Looking Back to Look Forward: The Next Ten Years of Spectrum Policy

Tuesday, November 13, 2012; 1:00 - 6:00 PM
@ The Pew Charitable Trusts Conference Center, Washington, DC

For a report summarizing the conference written by Michelle Hersh, Click Here.

To view the video recording of this event, click here.

Co-Sponsored by CTIA The Wireless Association and Public Knowledge
In Cooperation With the Federal Communications Bar Association and IEEE-USA

The regulatory foxtrot - slow, slow, quick, quick, slow - means that participants in the spectrum policy dance need to keep an eye both their current and future partners. Multiple cycles line up this year: it's a century since the sinking of the Titanic and the 1912 Radio Act, ten years since the FCC Spectrum Policy Task Force Report (SPTFR), and the end of a four-year Administration that saw the FCC's National Broadband Plan, a Presidential Memorandum calling for 500 MHz of spectrum to be found for wireless broadband use, and a report of the President's Council of Advisors on Science and Technology (PCAST) about realizing the full potential of government-held spectrum.

It is a time when pressure on spectrum allocations keeps growing due to the drumbeat of new broadband wireless applications, a crowded dance floor with a growing diversity and density of conflicting radio operations, and a crescendo of technologies such as smarter radios and heterogeneous networks. This presents an opportunity to look back at lessons learned, and prepare for challenges of the next four and ten, if not a hundred, years.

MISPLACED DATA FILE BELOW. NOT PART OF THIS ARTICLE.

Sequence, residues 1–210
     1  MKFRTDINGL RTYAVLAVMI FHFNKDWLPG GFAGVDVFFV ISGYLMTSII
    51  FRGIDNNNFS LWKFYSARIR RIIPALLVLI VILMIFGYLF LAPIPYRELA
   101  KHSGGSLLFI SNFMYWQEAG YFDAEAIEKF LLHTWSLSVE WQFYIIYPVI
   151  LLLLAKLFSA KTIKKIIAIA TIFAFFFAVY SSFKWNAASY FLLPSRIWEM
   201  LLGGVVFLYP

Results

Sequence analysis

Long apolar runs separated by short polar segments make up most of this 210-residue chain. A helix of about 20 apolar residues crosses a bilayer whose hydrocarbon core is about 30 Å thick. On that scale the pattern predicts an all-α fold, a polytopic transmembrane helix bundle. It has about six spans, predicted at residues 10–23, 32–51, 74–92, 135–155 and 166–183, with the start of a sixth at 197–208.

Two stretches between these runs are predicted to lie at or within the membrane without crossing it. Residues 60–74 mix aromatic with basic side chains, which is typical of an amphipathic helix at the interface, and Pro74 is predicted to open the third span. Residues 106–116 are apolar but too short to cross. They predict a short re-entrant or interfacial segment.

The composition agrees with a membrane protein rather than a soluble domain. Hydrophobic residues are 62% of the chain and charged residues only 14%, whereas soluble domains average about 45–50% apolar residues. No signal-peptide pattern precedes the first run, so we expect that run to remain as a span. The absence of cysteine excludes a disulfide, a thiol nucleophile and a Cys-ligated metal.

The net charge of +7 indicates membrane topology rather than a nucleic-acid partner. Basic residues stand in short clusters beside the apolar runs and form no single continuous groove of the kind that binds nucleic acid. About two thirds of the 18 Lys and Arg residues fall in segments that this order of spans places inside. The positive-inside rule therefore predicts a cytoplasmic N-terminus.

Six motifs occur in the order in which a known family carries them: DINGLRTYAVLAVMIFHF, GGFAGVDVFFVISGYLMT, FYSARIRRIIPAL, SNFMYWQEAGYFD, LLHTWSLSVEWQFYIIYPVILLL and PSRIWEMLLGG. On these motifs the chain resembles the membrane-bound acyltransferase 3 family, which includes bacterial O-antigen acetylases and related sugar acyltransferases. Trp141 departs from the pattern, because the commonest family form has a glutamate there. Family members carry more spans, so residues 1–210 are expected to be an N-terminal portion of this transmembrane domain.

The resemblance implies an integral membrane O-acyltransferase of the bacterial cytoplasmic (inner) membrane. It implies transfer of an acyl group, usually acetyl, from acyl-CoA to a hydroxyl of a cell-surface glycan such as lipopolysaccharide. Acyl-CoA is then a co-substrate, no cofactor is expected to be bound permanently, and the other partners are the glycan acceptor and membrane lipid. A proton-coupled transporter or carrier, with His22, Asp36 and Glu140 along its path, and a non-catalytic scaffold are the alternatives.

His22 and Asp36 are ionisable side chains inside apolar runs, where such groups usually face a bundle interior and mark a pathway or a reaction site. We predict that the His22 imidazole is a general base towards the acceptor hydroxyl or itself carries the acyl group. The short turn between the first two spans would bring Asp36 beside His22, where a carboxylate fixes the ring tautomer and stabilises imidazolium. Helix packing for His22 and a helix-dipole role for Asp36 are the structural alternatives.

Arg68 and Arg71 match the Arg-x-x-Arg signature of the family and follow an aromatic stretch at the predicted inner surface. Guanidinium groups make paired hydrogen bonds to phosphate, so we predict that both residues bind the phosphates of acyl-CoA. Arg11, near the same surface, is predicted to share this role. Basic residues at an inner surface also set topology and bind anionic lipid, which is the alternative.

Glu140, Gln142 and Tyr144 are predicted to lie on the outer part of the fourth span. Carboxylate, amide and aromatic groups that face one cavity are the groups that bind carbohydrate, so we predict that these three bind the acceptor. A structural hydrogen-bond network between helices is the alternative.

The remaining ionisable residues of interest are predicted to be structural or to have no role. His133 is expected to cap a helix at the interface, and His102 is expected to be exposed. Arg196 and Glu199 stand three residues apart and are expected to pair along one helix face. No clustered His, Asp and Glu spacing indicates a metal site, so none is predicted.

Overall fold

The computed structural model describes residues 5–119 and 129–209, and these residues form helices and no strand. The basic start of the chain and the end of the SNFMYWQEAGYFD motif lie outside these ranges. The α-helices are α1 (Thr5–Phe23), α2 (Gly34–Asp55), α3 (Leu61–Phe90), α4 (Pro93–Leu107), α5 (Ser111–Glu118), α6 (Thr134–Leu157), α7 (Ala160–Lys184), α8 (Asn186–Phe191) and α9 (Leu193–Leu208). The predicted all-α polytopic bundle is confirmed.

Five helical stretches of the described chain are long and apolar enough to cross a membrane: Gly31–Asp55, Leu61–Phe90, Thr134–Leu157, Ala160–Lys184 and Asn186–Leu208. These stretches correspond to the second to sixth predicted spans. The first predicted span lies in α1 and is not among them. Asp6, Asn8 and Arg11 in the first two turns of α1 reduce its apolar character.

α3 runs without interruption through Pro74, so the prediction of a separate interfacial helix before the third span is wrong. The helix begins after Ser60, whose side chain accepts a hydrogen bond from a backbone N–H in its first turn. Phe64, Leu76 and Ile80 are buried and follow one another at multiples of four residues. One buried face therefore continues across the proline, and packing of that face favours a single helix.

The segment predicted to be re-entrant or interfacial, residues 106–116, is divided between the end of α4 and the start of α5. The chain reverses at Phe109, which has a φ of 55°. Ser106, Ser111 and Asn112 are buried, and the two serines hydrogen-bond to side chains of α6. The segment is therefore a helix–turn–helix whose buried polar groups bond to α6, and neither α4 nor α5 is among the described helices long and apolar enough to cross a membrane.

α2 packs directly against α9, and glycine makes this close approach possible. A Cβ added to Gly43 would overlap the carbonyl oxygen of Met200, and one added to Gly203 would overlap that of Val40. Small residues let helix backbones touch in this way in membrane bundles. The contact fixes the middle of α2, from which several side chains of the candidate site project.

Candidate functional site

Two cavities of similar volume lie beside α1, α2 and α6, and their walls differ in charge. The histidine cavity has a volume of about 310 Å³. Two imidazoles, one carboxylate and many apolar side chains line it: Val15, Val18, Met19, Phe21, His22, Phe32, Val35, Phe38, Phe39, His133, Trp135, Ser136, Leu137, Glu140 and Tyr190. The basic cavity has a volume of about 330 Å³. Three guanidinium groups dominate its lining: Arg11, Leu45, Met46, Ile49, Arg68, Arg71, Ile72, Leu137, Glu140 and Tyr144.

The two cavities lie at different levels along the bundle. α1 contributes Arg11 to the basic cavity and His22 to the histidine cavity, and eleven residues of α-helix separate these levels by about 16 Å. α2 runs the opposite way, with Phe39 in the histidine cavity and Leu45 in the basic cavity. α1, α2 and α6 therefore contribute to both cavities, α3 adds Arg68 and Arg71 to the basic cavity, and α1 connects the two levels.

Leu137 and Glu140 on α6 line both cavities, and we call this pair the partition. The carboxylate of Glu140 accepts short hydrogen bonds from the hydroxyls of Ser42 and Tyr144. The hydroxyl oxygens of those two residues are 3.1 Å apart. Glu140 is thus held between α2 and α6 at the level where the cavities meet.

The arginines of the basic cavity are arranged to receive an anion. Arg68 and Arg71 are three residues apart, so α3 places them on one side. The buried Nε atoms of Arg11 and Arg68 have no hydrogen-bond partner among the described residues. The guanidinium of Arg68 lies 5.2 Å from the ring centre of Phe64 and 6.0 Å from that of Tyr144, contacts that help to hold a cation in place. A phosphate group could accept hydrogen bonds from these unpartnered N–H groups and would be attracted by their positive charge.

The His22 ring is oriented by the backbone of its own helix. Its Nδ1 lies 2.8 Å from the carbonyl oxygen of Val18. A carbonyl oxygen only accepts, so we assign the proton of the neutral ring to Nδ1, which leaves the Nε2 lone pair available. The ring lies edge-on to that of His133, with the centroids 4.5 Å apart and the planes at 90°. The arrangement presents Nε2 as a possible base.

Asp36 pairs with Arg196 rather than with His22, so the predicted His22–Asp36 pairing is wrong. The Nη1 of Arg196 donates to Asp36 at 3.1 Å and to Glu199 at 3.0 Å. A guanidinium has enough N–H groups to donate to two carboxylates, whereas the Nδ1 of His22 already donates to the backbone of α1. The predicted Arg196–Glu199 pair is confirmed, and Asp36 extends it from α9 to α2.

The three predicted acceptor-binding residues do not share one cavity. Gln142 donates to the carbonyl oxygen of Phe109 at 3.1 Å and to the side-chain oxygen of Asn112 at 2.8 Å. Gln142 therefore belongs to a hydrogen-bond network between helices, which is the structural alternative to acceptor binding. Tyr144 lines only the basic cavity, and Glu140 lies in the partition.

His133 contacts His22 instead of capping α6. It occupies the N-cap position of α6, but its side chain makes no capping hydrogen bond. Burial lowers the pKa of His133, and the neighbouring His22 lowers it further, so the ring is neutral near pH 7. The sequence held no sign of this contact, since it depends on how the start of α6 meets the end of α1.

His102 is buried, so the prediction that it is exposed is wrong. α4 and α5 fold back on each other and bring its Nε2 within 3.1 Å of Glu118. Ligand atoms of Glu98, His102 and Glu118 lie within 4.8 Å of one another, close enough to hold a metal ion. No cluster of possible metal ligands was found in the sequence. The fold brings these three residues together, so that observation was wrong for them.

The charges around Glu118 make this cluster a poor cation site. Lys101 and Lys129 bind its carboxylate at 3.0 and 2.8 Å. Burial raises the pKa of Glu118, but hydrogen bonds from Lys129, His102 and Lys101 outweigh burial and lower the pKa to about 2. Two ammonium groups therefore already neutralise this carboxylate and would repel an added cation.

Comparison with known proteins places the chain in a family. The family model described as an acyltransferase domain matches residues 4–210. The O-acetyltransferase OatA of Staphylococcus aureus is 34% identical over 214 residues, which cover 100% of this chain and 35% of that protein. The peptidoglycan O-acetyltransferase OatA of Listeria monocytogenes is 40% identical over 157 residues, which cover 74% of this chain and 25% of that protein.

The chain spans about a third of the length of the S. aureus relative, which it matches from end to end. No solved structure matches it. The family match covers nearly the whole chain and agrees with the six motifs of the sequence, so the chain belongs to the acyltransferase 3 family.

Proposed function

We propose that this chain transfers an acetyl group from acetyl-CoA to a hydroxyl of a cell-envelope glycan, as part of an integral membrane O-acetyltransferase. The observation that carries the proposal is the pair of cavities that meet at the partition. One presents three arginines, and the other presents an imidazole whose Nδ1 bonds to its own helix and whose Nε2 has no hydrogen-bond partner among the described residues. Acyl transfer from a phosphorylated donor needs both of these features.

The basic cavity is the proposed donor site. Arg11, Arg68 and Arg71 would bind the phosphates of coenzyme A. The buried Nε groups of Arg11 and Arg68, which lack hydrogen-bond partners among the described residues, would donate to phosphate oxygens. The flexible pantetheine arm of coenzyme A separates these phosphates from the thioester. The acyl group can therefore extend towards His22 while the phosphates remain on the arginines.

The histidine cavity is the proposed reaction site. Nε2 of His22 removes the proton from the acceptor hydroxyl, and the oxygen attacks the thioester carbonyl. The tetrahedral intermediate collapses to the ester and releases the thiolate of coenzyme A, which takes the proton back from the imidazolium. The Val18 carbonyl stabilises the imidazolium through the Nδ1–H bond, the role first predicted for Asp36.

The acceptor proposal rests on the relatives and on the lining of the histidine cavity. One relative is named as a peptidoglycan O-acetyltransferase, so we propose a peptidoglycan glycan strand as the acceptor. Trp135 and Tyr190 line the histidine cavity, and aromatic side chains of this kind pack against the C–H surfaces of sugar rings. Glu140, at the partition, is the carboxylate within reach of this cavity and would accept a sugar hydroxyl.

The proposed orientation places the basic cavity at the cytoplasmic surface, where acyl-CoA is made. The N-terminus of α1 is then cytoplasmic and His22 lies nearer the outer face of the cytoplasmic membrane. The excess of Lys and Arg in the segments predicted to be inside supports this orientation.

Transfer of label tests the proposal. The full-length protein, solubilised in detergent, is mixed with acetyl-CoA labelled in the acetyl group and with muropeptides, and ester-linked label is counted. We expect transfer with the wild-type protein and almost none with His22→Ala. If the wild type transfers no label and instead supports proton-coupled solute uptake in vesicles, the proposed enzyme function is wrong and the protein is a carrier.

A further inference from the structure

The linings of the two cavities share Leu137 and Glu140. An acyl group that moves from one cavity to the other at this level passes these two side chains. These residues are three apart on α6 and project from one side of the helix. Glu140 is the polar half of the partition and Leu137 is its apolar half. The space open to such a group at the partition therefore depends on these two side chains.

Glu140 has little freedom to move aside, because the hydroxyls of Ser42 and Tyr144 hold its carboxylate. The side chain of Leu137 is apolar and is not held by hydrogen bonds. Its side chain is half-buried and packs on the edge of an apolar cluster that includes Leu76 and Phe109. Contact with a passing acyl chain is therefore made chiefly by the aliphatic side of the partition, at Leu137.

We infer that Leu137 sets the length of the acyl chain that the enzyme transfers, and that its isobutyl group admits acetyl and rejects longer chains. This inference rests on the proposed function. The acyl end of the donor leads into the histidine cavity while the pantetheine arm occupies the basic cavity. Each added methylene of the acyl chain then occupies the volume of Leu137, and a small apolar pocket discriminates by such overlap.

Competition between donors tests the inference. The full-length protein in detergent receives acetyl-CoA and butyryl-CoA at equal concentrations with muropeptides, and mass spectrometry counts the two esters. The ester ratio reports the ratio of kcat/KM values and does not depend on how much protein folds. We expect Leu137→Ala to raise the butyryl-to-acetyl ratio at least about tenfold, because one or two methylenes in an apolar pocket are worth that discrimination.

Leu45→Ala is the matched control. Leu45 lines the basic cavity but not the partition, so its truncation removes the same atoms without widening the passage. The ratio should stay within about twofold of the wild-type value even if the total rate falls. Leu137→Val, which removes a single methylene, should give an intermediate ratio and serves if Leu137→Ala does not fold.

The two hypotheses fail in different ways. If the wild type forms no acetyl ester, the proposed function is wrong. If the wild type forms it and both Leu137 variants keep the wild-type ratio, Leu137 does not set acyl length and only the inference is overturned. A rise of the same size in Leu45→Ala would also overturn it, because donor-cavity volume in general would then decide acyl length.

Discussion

Panel 1: The Promise and Problems of Strategic Plans: From the Spectrum Policy Task Force to the PCAST Report
A decade ago, an intensive multi-disciplinary review culminated in ground-breaking staff report that is still often quoted. Recent years have seen similarly ambitious strategic plans from the FCC and the White House: the National Broadband Plan, the President's Memo, and the PCAST report. What lessons can be learned about strategic spectrum planning from the impact and unfinished business of the SPTFR? How should these lessons be applied to the current crop of recommendations?

Panel 2: Reforming US Spectrum Management: Sharing, Reallocation and Other Options
The FCC's National Broadband Plan and the President's spectrum initiative laid out aggressive goals for spectrum reallocation to commercial mobile broadband, and the PCAST report recommended sweeping, long-term reforms of government spectrum management. Sharing has become a serious option. What are the strengths and weaknesses of these proposals; what needs to be added or taken away? What are the prospects for improving the transition from old to new ways of using spectrum for federal and non-federal users.

Panel 3: The View Ahead: Technology opportunities
Regulatory discussions are informed by technology trends, and wireless research continues to open up new policy possibilities. What are the long-term technology trends and constraints that will drive spectrum policy over the next ten years? This panel will lay out what to expect, and when, as we move to ever-denser packing of bands.

Registration
12:30pm - 1:00pm
Welcome
1:00pm - 1:05pm
  • Pierre de Vries
    Spectrum Initiative Co-Director
    Senior Adjunct Fellow